Of course, it’s easy to get lost in the moirass of details in the Realms setting. The latter 3rd Edition products also unwisely focused on big epic events, which has never been the setting’s main purporse, and the prevalence of NPCs like Drizzt Do’Urden, Elminster (worst author-insertion character ever) and Khelben in some campaigns (either directly by the DM or by players playing knock-off characters) is annoying. I am also not a fan of high-powered, high-magic settings and the Realms, whilst not really like that in 1st and 2nd Editions, definitely became that in 3rd, leading to apathy with the setting. The changes and alterations to the world for 4th Edition, however, seem like the equivalent of cracking a walnut with an atom bomb. There were more elegant solutions they could have used to fix what was wrong with the Realms. Certainly my interest in playing in the current incarnation of the setting is very low.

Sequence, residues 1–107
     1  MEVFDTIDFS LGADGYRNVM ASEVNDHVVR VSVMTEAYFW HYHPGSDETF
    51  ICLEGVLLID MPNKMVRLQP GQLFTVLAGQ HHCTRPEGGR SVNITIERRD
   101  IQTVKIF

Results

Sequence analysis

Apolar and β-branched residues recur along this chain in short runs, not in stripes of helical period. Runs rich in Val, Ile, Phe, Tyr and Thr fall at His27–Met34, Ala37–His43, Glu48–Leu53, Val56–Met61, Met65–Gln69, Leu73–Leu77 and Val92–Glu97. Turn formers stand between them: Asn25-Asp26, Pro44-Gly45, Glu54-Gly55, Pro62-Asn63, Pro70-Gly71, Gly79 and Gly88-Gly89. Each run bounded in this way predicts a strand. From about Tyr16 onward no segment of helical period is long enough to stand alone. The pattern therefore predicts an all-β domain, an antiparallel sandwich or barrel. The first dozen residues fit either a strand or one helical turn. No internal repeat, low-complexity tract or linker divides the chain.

Still, I have to thank Ed Greenwood, Bob Salvatore and the rest of the Forgotten Realms game-designers, computer game programmers and novelists for providing me with many hundreds of hours of entertainment in the setting, and I will continue to keep an eye on it in the future.